"Within the Church in Wales, there were simply not enough safeguarding officers to carry out the volume of work required of them. Record-keeping was found to be almost non-existent and of little use in trying to understand past safeguarding issues.
"To ensure the right action is taken in future, it's essential that the importance of protecting children from abhorrent sexual abuse is continuously reinforced.
"If real and lasting changes are to be made, it's vital that the Church improves the way it responds to allegations from victims and survivors, and provides proper support for those victims over time.
"The panel and I hope that this report and its recommendations will support these changes to ensure these failures never happen again."
In an open letter published before the report's release today, the Archbishops of Canterbury and York said they were "truly sorry" for the abuse experienced in the Church of England.
"We are truly sorry for the shameful way the church has acted and we state our commitment to listen, to learn and to act in response to the report's findings," they wrote.
"We cannot and will not make excuses and can again offer our sincere and heartfelt apologies to those who have been abused, and to their families, friends and colleagues."
In a statement, the Bishop of Huddersfield, Jonathan Gibbs, the Church of England's lead safeguarding bishop, and Melissa Caslake, the Church's national director of safeguarding, expressed their "shame" at the findings.
"The report makes shocking reading and while apologies will never take away the effects of abuse on victims and survivors, we today want to express our shame about the events that have made those apologies necessary," they said.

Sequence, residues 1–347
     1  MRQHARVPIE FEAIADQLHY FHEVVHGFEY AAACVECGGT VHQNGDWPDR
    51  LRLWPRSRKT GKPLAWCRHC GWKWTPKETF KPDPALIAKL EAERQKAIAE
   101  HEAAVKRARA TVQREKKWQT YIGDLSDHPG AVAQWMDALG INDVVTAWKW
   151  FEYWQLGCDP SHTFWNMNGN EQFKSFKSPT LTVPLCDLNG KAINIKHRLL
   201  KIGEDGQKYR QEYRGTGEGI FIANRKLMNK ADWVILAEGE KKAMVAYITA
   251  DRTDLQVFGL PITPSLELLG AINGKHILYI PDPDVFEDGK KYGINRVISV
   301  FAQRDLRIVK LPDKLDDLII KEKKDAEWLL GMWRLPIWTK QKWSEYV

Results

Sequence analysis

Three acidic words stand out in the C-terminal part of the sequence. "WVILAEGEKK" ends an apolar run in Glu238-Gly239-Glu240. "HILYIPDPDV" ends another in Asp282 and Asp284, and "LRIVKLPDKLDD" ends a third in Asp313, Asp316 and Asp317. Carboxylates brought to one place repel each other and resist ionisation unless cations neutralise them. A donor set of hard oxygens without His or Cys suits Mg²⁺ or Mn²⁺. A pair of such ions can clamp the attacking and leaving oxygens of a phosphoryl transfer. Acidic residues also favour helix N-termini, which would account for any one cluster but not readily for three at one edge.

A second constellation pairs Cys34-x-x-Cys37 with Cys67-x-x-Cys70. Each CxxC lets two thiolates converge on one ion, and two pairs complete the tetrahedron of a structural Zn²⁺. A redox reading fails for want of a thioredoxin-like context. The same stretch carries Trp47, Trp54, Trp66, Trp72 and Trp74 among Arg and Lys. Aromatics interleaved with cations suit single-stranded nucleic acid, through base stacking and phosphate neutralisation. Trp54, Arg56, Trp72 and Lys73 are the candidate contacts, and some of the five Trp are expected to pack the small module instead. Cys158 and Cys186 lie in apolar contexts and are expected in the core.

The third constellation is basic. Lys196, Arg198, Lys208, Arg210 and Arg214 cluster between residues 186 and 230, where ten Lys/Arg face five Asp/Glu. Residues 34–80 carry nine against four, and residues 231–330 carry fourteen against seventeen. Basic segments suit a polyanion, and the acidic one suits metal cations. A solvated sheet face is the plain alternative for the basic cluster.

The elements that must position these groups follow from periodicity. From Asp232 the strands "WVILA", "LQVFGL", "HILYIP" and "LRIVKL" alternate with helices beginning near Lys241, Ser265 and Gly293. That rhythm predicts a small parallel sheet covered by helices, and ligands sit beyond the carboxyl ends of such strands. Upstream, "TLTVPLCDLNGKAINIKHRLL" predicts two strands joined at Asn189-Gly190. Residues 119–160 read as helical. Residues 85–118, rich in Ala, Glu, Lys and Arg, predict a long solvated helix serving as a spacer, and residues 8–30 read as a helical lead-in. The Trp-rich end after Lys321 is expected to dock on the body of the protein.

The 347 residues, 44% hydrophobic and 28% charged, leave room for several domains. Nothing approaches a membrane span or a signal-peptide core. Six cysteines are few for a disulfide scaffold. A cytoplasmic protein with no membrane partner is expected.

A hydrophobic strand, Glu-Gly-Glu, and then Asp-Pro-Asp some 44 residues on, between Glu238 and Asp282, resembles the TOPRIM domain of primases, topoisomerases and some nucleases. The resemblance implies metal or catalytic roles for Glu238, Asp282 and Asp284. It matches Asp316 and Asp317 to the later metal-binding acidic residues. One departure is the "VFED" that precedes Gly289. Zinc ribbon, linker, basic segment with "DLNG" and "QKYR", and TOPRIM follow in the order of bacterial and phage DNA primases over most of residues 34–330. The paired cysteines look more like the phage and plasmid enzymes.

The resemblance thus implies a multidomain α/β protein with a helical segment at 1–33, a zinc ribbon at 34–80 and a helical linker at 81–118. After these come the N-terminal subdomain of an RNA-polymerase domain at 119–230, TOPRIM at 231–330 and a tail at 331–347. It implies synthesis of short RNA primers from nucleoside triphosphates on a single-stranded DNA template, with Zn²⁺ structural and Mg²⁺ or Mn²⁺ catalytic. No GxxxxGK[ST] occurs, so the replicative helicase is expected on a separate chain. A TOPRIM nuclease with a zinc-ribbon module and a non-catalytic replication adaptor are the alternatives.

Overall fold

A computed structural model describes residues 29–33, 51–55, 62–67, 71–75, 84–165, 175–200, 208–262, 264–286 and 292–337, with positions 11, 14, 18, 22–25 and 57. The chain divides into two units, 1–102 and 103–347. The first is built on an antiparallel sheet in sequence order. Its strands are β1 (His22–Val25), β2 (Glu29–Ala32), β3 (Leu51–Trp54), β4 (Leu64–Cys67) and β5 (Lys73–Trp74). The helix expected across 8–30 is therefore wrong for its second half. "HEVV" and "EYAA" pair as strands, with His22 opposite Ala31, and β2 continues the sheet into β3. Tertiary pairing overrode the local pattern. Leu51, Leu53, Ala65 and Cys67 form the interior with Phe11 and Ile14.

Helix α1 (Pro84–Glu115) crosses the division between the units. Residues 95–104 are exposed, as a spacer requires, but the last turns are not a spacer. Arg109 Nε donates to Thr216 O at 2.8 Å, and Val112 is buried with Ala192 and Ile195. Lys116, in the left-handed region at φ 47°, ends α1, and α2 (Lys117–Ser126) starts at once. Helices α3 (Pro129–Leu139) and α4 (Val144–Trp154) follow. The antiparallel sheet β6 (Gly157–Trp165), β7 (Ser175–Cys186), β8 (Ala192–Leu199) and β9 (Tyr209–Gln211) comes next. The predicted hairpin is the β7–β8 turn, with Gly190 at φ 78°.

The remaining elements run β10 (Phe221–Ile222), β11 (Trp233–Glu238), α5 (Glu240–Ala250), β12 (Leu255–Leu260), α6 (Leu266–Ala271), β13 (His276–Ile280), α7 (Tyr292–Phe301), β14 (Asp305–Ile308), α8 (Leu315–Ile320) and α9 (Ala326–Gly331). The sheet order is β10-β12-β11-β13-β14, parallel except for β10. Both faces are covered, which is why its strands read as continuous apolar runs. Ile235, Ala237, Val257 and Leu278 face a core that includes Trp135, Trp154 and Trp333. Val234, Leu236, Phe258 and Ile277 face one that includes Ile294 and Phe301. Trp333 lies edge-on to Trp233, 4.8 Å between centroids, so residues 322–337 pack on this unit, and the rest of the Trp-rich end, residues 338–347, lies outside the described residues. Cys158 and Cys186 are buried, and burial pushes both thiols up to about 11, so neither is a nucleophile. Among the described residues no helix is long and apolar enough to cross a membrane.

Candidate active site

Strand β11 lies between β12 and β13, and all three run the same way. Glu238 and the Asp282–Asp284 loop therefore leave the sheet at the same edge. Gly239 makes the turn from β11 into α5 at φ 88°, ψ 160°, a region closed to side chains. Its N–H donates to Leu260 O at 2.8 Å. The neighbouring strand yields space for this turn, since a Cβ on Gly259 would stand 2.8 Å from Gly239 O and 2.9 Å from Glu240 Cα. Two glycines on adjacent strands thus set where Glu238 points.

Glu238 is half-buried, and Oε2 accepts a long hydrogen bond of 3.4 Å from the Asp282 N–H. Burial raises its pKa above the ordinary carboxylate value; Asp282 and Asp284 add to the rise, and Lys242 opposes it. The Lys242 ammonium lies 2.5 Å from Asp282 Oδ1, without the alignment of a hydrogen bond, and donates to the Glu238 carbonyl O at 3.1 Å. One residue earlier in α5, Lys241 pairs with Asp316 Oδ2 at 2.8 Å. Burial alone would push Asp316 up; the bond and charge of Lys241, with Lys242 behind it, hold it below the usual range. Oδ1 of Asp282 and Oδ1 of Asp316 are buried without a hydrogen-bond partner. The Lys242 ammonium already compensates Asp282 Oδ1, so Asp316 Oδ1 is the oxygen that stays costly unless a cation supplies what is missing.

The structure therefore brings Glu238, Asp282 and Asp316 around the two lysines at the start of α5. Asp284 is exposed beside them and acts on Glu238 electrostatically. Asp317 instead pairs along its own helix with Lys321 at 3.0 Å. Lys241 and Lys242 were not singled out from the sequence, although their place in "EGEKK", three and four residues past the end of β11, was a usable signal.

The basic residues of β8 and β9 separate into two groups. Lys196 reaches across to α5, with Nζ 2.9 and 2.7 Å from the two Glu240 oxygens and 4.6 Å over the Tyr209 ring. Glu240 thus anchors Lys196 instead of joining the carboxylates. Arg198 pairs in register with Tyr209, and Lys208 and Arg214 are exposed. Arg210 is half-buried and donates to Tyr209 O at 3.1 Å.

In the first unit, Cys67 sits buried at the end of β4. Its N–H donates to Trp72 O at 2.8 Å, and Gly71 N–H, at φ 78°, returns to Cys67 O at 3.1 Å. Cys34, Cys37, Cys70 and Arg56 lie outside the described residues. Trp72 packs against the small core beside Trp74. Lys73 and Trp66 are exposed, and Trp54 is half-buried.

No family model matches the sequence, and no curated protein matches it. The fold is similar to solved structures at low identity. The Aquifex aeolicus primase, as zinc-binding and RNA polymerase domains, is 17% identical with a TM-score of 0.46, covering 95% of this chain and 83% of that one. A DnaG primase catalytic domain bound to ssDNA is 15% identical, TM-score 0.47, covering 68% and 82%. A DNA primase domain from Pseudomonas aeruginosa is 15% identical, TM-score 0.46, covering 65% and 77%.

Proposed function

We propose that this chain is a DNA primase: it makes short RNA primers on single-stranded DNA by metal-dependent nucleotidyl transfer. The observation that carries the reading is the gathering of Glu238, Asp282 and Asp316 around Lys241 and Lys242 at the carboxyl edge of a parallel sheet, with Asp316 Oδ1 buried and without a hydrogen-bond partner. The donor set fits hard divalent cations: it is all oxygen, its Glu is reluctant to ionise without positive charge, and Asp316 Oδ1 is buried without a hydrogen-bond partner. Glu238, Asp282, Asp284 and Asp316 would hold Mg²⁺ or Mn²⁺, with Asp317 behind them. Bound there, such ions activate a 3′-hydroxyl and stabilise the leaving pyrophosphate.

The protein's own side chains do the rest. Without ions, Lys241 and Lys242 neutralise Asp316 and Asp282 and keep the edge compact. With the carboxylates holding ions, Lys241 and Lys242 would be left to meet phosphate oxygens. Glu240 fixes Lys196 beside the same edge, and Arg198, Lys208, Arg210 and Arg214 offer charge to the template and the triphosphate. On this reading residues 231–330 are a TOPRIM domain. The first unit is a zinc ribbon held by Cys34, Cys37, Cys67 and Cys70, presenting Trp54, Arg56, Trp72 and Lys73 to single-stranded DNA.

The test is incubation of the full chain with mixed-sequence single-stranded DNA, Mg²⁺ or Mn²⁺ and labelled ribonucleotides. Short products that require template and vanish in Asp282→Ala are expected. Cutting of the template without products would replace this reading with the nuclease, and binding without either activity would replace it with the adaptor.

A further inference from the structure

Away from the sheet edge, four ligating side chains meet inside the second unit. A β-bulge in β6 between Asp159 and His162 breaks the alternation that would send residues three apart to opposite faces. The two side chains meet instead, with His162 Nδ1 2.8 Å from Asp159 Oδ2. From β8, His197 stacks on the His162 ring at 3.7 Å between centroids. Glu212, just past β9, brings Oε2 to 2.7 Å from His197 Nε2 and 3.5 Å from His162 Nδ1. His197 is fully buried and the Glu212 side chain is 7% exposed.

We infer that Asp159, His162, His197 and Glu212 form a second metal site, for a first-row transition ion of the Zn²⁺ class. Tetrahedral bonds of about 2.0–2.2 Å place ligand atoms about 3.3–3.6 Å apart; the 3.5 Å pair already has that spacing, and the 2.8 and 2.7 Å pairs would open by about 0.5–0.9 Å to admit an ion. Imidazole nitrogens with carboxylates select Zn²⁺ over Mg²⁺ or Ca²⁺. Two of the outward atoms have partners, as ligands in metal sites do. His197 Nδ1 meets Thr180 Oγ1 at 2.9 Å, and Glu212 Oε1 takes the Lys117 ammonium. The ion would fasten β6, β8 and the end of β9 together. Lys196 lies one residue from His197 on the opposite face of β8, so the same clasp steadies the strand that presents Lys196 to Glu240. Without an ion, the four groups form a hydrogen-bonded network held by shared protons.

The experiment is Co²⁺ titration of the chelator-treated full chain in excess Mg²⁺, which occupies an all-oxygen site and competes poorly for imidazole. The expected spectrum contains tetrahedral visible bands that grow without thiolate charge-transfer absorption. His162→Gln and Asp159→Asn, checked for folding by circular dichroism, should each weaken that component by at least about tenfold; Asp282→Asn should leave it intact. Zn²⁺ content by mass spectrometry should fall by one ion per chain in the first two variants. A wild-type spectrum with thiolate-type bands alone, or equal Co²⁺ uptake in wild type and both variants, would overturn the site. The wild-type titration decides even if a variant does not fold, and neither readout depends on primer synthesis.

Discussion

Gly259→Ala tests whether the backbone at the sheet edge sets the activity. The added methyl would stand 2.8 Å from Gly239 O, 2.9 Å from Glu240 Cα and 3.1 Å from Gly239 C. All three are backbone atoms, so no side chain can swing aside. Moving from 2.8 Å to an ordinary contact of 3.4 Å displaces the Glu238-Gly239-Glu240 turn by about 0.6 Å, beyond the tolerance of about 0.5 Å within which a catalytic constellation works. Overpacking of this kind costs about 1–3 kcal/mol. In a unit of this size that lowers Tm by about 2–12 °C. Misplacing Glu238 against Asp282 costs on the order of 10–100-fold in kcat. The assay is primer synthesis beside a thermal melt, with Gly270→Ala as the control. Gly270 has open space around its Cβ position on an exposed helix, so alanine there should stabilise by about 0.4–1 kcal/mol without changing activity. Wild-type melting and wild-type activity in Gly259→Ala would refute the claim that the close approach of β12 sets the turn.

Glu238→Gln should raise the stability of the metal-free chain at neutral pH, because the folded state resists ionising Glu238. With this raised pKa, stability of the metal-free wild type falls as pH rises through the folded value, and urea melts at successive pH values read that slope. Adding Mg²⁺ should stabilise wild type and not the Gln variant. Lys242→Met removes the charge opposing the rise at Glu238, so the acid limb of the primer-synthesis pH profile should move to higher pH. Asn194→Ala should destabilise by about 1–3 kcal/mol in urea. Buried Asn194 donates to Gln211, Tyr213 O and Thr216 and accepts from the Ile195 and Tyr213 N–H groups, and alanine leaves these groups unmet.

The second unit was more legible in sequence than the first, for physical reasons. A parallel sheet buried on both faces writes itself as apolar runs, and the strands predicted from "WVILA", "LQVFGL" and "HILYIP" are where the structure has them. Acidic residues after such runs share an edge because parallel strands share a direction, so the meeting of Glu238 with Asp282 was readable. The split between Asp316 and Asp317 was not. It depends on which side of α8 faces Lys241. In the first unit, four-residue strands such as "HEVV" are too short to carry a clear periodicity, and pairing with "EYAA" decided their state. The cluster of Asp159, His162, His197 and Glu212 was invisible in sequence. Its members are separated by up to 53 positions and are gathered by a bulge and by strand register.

"The whole Church must learn lessons from this inquiry.
"Our main focus in response must be recognising the distress caused to victims and survivors by the Church's failures in safeguarding. We wholeheartedly endorse the importance of the report's recommendations for improving our support for victims and survivors, to which we are completely committed."
Responding to the findings, the Church in Wales said they took the recommendations "extremely seriously".
"Our priority is to be a church where everyone is, and feels, safe and welcome and where safeguarding is understood to be the responsibility of everybody," it said.
"The report makes a number of pertinent observations for the improvement of the practices and policies we presented to the Inquiry in July 2019. We will be examining these in detail and reporting back on our plans to implement those which remain outstanding.
"We have invested, and continue to invest, in our people and processes as a key priority for the whole of the Church in Wales. We are also looking at how to enhance our working relationship with the Church of England and statutory agencies.
"We know that we have failed in the past in a number of areas and we apologise unreservedly to those who have been affected as a result. We continue to hold all survivors of abuse in our prayers and are ready to support anyone who comes forward with any concern."
If you or anyone you are in contact with are affected by the publication of this report and want to talk to someone independently please call the Safe Spaces helpline on 0300 303 1056 or email: firstname.lastname@example.org. There are also other support services available.
Alternatively you may contact the diocesan safeguarding team in your area.